Revisions

Summary | Production | Transcript | Review

The team gates to a climate-controlled environment amidst a toxic wasteland, whose people are all linked to a central computer.

RATINGS SCORECARD
OUR RATING -
FAN RATING - 6.88 
NIELSEN - 1.5 
EPISODE #705
ORIGINAL AIR DATE: 07.11.03
SYNDICATION AIR DATE: 10.18.04
DVD DISC: Season 7, Disc 2
WRITTEN BY: Joseph Mallozzi & Paul Mullie
DIRECTED BY: Martin Wood
GUEST STARS:

Christopher Heyerdahl (Pallan), Peter Lacroix (Kendrick), Tiffany Knight (Evalla), Liam Ranger (Nevin), Gary Jones (Technician), Wendy Noel (Councilwoman), Michael Robinson (Councilman #1), Patrick Keating (Councilman #2), Finn Michael (Councilman #3)

DOWNLOAD NOW:
  Amazon    iTunes

A M.A.L.P. returns information about an intriguing dome complex on P3X-289, a planet destroyed by toxic waste. As the robot explores the terrain its robotic arm disappears through some sort of energy barrier. Now, the M.A.L.P. shows a beautiful garden. Proceeding forward, transmission is suddenly cut. General Hammond orders SG-1 to retrieve it.

The team gates to the planet in hazmat suits and passes through the barrier into the garden, immediately finding the M.A.L.P. A young boy, calling himself Nevin, appears to SG-1. After a trade he agrees to lead the team to his town, where all the inhabitants appear to be wearing U-shaped devices on their left temple.

A meeting of the four council members is convened. The team describes the Stargate and how they arrived. The meeting stops while the council retrieves information about the Stargate from the Link, a computer which provides each individual with a library of knowledge. Major Samantha Carter is impressed with the sophistication and ease of the technology.

SG-1 is invited to stay the night so Carter can have a look at the technology in the morning. She and Daniel stay with the town computer expert, Pallan and his wife Evalla. They learn the few survivors have never been outside the dome in 400 years. Pallan explains how the computer maintains the town and the illusion of a normal world. Meanwhile, Colonel Jack O’Neill and Teal’c stay with Kendrick and Nevin. At dinner, Nevin grills O’Neill about his travels.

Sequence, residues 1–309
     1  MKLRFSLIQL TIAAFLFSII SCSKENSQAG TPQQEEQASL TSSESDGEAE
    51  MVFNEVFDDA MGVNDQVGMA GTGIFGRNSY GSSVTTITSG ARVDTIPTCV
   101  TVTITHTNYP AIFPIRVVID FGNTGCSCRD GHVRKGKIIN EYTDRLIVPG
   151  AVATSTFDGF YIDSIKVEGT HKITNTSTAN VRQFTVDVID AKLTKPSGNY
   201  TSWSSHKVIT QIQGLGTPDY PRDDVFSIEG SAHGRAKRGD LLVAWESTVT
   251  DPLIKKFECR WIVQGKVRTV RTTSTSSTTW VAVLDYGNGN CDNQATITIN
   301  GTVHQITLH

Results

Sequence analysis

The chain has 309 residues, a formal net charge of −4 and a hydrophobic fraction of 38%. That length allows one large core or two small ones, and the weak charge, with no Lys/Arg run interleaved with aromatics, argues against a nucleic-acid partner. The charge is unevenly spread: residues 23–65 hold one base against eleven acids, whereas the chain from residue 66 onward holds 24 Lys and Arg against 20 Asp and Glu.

The following day Evalla takes Daniel to an old library which has actual books. While there Evalla blanks out for a moment, and soon Daniel becomes concerned with this repeating trend. While Sam is with Pallan in computer control, the same thing happens to him. At that moment, she notices that the screens on the computers have altered — and they soon change back. She tells Carter the readouts changed, but Pallan does not believe her. He assures her that the readouts always remain the same.

Carter suggests to O’Neill that the townspeople be offered relocation. They meet with the Council but only three of the four members are there. They refuse to accept relocation, convinced that the dome will protect them. O’Neill wants to know what the fourth member thinks, but the council denies there ever was one. Now things are getting weird. No one — not even Pallan — remembers a fourth council member. The team suspects foul play.

More unusual information surfaces. With Daniel, Evalla explains the population control policy, which is why she and her husband have no children. She tells him no one in the society has ever broken the rule. Back in the control room, Carter notices another drop in the power. The forcefield is in danger of failing. Again, Pallan disagrees with her.